Running a SQL Server stored procedure from Excel
In this walkthrough, we'll see how to call a Stored Procedure directly from Excel.
We'll add a Stored Procedure to Microsoft's sample Northwind database, get Excel to call it, passing it a parameter, then we'll display its results in the Excel worksheet. Here's what the stored procedure's results look like:
.. and this is how the users will see it in Excel (after manually adding a header row, and some formating on the figures):
Running a Stored Procedure from Excel 2007
First, let's create a simple Stored Procedure in the Northwind database, which takes a parameter (Customer ID) and returns some details of orders that this customer has placed.
CREATE PROCEDURE [dbo].[SP_GetOrdersForCustomer]
FROM [Customers] cst,
[Order Details] od,
WHERE ord.[CustomerID] = cst.[CustomerID]
AND emp.[EmployeeID] = ord.[EmployeeID]
AND od.[OrderID] = ord.[OrderID]
AND prd.[ProductID] = od.[ProductID]
AND cst.[CustomerID] = @CustomerID
ORDER BY cst.[CustomerID], emp.[EmployeeID], ord.[ShippedDate] DESC
In SQL Server Management Studio if I run this Stored Procedure using the following command, it returns the results that we saw earlier:
exec [dbo].[SP_GetOrdersForCustomer] 'ALFKI'
But, how do we get Excel to run this Stored Procedure ?
First, run Excel, and create a blank workbook.
Now, in cell B2, type in "Customer ID:", and in cell D2, type in "ALFKI" (both without the quotes). ALFKI is the customer code of one of Northwind's example customers. We will get Excel to read in the value of cell D2 and pass it to the Stored Procedure as the CustomerID parameter.
Next, we need to add a Button to our spreadsheet. Click on the Developer tab, then the Insert button, then click on the icon which looks like a button.
Now, hold down the left mouse button, and drag the outline of a button, somewhere around row 4 below our "Customer ID" label.
When you release the left mouse button, you'll see this dialog.
Click on the New button. You are then taken into Excel's beloved VBA scripting window.
Paste the following code between the Sub Button1_Click and End Sub lines.
Dim con As ADODB.Connection
Dim cmd As ADODB.Command
Dim rs As ADODB.Recordset
Dim WSP1 As Worksheet
Set con = New ADODB.Connection
Set cmd = New ADODB.Command
Set rs = New ADODB.Recordset
Application.DisplayStatusBar = True
Application.StatusBar = "Contacting SQL Server..."
' Remove any values in the cells where we want to put our Stored Procedure's results.
Dim rngRange As Range
Set rngRange = Range(Cells(8, 2), Cells(Rows.Count, 1)).EntireRow
' Log into our SQL Server, and run the Stored Procedure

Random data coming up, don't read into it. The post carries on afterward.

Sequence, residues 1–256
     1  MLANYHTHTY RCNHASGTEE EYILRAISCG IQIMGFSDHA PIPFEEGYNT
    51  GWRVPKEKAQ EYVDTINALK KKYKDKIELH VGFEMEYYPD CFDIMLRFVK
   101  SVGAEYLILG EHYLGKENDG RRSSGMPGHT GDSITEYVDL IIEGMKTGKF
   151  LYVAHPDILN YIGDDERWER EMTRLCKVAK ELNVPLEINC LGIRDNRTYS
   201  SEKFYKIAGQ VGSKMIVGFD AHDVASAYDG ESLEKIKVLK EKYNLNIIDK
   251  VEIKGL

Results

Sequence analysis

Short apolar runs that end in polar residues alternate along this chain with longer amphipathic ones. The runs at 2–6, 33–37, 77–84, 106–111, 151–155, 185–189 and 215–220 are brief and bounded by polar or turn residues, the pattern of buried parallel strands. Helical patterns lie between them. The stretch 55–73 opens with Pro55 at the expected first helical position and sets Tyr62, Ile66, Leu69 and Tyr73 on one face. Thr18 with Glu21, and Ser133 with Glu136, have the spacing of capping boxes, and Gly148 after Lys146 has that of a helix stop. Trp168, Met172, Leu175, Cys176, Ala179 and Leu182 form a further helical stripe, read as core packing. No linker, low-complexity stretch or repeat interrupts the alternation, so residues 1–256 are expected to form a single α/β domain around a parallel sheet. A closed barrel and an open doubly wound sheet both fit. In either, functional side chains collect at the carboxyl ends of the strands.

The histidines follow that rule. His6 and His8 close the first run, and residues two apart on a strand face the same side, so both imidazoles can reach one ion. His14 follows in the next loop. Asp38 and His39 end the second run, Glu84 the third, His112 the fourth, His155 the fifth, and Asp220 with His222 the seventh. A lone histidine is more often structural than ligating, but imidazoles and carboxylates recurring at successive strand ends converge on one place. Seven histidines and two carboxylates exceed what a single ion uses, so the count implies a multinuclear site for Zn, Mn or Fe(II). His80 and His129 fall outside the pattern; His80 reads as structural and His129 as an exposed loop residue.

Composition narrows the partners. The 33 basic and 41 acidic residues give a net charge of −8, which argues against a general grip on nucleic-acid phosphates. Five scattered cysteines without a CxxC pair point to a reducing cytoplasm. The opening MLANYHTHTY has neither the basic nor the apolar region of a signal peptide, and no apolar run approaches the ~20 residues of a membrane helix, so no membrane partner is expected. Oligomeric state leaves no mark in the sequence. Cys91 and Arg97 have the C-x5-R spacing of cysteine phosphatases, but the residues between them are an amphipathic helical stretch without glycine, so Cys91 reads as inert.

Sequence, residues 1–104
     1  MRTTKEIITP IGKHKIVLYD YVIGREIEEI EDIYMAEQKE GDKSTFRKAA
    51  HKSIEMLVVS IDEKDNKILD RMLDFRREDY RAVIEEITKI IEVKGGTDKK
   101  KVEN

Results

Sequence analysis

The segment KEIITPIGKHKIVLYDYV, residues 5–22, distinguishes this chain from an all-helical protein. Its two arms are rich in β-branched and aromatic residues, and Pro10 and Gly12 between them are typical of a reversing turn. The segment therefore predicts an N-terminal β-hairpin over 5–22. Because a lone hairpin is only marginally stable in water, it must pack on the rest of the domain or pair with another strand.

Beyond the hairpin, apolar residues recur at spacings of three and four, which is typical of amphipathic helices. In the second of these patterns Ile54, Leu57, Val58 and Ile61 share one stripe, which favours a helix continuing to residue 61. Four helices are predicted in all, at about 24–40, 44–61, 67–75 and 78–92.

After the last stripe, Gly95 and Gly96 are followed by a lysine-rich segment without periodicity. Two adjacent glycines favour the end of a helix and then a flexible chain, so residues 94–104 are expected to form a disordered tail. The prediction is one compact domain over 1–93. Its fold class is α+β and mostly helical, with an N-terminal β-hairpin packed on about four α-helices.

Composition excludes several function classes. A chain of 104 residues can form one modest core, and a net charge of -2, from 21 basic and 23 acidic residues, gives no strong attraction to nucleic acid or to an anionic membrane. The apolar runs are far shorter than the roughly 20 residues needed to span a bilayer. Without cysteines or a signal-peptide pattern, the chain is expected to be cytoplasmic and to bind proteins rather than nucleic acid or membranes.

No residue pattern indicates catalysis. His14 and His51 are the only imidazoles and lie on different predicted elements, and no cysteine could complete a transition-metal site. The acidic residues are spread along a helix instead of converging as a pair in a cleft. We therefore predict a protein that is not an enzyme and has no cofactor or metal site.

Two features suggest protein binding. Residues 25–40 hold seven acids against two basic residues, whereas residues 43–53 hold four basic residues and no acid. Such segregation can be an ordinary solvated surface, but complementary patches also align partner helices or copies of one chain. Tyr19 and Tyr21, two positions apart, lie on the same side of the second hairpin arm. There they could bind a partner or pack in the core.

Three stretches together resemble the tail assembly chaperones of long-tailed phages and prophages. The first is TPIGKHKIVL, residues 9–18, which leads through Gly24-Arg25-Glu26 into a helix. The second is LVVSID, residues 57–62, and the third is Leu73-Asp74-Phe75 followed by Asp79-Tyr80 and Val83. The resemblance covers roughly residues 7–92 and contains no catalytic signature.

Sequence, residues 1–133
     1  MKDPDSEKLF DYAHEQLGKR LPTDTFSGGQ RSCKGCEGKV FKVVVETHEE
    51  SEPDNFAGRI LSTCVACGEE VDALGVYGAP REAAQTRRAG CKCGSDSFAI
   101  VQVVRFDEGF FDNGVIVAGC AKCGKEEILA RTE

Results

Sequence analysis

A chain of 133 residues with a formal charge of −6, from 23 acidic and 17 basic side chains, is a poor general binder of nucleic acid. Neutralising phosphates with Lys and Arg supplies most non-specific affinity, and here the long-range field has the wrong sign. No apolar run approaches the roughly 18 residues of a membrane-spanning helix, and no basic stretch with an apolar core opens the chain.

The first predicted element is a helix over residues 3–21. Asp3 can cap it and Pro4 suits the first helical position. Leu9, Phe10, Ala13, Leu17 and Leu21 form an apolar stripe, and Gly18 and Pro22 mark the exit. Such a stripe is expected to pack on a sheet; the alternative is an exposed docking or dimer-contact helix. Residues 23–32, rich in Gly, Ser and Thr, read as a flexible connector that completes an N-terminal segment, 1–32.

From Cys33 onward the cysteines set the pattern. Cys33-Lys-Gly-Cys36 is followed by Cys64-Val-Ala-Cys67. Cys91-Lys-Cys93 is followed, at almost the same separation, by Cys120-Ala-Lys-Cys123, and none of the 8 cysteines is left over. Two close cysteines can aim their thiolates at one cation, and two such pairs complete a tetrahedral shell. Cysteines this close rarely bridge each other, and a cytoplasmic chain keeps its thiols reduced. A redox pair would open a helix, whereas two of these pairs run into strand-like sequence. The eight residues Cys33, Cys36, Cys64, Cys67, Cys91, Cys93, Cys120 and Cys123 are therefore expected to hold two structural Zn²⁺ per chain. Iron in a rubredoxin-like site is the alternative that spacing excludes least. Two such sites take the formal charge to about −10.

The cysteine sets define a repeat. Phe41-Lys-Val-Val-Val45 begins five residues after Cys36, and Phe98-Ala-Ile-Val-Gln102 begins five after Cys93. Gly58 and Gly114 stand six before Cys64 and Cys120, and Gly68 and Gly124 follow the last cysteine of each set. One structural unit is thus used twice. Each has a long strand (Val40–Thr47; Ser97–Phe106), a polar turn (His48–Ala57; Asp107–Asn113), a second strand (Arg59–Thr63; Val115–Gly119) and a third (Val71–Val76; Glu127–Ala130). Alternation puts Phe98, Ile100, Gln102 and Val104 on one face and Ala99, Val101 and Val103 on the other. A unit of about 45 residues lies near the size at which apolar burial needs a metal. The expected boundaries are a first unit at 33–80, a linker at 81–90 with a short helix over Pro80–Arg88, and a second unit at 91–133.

con.Open "Provider=SQLOLEDB;Data Source=localhost;Initial Catalog=Northwind;Integrated Security=SSPI;Trusted_Connection=Yes;"
cmd.ActiveConnection = con
' Set up the parameter for our Stored Procedure
' (Parameter types can be adVarChar,adDate,adInteger)
cmd.Parameters.Append cmd.CreateParameter("CustomerID", adVarChar, adParamInput, 10, Range("D2").Text)
Application.StatusBar = "Running stored procedure..."
cmd.CommandText = "SP_GetOrdersForCustomer"
Set rs = cmd.Execute(, , adCmdStoredProc)
' Copy the results to cell B7 on the first Worksheet
Set WSP1 = Worksheets(1)
If rs.EOF = False Then WSP1.Cells(8, 2).CopyFromRecordset rs
Set rs = Nothing
Set cmd = Nothing
Set con = Nothing
Application.StatusBar = "Data successfully updated."
This code does three things.
This script uses the Microsoft ADO libraries to connect to SQL Server, so we need to tell Excel to include these libraries.
To do this, click on Tools then References.
Scroll down until you find the item "Microsoft ActiveX Data Objects 2.8 Libary" (or whichever version is most recent on your PC), tick the checkbox next to it, then click on the OK button.
You can now click on File, then "Close and return to Microsoft Excel".
If all goes well, now, when you click on your button, Excel will run the Stored Procedure, and display the results in cell B8 onwards:
How cool is that !
You can now add formatting and a header row to the worksheet to make it look more professional. You could start by giving "Button 1" a friendlier caption, by right-clicking on the button, select Edit text, and type in a friendlier caption.
With a bit of TLC, you can make your report look professional:
When you Save this Excel file, remember to save it as a "Excel Macro-Enabled Workbook (*.xlsm)" file, as it contains Excel VBA script.
So, do I recommend that you throw away your Silverlight and WPF books, and start writing applications using Excel and Stored Procedures from now on ?
Of course not. But I have found this trick particularly useful with major applications which have been tested and deployed to live environments, but then the user wants to see a little extra information from the database.
I don't really want to add extra screens to my application, then suffer having to go through the testing and deployment phase again.
Giving the users one-off reports, which they can run themselves like this, gives me a "quick win", without needing to make changes to my original app.
The other big advantage is that users love Excel (I'm sorry... but you know it's true).
And this gives us a really easy way to get raw data from SQL Server directly into Excel, ready for them to play with.
Sample "Northwind" database for SQL Server 2008
Sample "Northwind" database for SQL Server 2000/2005
This installs the .mdf and .ldf database files into the directory: C:\SQL Server 2000 Sample Databases
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